Marriage Equality Conference on Tap for NY Senate Again Today


Senate Republicans plan to conference the marriage equality bill once more today. They have not yet decided on a vote:

The bill is also at the center of furious horse-trading over everything from New York City rent control laws and property taxes to state university tuition levels and a whole host of other unrelated issues as the Legislature tries to end its 2011 session in the coming days.

In a week that has seen five senators flip their positions to now support same-sex marriage, the handful of undecided senators -- including freshman Sen. Mark Grisanti of Buffalo -- said they remained on the fence after the marathon, closed-door meeting among Republicans.

"I am where I was yesterday," said Grisanti, who has moved from a no vote to uncertain.

Senator Greg Ball, who has been vocal about wanting religious exemptions in the bill, which have been provided, says he still wants more in an interview shot yesterday following the Senate conference yesterday. In two clips, he talks about those requests, and gives some insight into the tone of yesterday's Senate conference (video 2).

Watch Ball's interview, AFTER THE JUMP...

Jimmy Vielkind at Capitol Confidential reports on Robin Wilson, a law professor at Washington & Lee in Virginia, who drafted a letter to Sen. Greg Ball, comparing New York’s pending same-sex marriage bill with laws enacted in other states.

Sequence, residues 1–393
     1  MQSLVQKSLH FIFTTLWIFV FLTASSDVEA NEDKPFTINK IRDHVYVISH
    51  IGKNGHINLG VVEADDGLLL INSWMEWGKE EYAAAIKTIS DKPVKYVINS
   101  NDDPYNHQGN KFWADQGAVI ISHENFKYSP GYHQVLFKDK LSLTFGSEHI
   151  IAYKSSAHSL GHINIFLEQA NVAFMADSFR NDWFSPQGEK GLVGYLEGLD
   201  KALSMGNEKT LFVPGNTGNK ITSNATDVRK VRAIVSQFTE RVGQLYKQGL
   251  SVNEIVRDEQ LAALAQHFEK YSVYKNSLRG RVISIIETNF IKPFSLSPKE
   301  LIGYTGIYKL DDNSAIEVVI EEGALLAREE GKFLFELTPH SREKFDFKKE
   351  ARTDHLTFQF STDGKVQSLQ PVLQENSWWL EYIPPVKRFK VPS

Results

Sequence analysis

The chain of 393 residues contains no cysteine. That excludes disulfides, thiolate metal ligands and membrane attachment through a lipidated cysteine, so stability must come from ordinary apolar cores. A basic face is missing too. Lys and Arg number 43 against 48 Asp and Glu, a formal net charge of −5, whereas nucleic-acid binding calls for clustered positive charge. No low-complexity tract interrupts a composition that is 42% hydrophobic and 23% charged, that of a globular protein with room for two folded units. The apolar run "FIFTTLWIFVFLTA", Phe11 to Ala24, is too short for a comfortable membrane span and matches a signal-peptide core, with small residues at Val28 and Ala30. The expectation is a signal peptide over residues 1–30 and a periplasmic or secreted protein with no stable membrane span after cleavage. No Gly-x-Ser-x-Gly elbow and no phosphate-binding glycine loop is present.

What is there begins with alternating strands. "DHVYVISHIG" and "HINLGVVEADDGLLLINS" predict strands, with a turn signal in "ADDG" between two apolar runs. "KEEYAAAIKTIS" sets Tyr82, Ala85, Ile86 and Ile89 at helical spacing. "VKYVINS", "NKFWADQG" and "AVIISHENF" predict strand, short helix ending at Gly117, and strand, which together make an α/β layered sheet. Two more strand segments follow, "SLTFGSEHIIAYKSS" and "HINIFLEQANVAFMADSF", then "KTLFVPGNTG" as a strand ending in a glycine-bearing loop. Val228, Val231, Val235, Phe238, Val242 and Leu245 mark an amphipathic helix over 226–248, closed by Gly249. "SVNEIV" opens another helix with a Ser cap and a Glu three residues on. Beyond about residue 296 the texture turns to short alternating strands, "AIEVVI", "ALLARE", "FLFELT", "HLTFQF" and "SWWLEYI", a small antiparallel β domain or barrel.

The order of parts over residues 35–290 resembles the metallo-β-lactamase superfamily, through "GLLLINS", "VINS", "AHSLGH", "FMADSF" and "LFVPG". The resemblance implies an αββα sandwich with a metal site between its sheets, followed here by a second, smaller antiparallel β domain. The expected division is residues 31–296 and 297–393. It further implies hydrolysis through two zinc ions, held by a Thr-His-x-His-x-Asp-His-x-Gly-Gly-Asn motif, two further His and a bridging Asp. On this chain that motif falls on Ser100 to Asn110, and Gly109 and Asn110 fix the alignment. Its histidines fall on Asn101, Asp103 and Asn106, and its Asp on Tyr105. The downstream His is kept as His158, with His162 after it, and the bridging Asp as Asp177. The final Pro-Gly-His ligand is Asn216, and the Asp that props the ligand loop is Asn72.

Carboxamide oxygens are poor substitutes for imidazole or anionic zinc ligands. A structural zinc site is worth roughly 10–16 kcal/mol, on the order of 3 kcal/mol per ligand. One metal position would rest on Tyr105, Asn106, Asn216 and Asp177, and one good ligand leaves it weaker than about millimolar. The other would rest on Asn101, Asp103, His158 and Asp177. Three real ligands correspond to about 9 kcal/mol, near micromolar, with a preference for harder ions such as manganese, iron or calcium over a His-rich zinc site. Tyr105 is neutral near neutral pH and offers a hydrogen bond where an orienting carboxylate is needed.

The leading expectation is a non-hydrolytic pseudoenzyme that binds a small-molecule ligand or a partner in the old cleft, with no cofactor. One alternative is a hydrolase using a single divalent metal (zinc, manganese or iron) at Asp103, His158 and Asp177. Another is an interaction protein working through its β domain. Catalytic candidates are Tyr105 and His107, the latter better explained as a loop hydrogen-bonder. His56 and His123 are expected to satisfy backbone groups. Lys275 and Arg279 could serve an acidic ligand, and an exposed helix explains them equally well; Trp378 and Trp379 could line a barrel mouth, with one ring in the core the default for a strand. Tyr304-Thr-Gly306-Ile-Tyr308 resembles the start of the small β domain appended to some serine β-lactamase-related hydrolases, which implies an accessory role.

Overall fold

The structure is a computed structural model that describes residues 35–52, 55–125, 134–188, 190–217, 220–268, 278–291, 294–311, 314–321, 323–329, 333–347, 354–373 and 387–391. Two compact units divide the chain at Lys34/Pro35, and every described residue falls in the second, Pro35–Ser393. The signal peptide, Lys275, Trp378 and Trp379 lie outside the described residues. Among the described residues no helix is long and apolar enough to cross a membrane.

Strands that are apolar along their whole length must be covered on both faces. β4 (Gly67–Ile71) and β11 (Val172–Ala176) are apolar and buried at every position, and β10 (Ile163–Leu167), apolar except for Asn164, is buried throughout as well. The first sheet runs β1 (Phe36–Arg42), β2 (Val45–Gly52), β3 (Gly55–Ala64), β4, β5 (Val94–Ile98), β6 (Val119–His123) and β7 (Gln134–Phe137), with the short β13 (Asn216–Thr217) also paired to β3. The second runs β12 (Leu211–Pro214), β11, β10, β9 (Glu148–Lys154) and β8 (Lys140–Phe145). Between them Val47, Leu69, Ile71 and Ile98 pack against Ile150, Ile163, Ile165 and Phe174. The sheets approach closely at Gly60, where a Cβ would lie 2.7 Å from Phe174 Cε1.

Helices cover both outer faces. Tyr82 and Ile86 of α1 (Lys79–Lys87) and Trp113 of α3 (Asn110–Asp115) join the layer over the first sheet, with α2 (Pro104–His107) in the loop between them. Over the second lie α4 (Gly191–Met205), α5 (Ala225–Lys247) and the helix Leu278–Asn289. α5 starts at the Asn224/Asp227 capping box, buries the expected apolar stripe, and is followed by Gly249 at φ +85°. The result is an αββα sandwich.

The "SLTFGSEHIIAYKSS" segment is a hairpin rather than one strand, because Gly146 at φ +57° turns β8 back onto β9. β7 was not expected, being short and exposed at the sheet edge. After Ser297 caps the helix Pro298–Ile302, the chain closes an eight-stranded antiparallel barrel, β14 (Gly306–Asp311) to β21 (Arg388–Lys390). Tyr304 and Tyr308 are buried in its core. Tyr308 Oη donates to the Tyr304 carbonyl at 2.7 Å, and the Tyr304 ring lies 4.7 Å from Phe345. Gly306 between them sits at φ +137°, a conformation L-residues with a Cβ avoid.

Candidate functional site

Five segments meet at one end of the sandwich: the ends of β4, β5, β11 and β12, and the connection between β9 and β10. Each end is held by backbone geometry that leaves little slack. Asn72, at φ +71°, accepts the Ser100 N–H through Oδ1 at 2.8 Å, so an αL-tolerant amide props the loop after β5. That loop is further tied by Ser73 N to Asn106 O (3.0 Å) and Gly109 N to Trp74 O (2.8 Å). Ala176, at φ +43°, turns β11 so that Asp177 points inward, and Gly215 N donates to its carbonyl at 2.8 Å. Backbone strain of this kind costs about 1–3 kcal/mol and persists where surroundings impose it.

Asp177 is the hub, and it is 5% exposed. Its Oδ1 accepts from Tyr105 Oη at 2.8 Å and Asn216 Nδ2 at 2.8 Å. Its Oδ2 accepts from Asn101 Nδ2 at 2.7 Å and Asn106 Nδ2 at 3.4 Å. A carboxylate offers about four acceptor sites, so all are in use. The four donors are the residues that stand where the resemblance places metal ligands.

Check out the letter here.

Cuomo spokesman Josh Vlasto said no further changes to the bill were being considered.

Here's some more insight into Mark Grisanti of Buffalo:

"It's something I think about almost every second of every day in the last couple of weeks," said Grisanti, the lone Western New York Republican who is considering support for the bill, which is backed by Democratic Sen. Timothy M. Kennedy of Buffalo.

Friends say that Grisanti has almost become consumed by the weight of the issue and that he is torn between his personal beliefs as a Catholic in a conservative district and the issue's civil rights concerns as a lawyer.

"If I take the Catholic out of me, which is hard to do, then absolutely they should have these rights," Grisanti said.

"It has nothing to do with politics. It has to do with my own personal belief."

Watch Ball's interview, AFTER THE JUMP...

NOTE TO READERS: It is urgent that you call your Senators and ask them to support this bill, particularly the Senators in THIS LIST.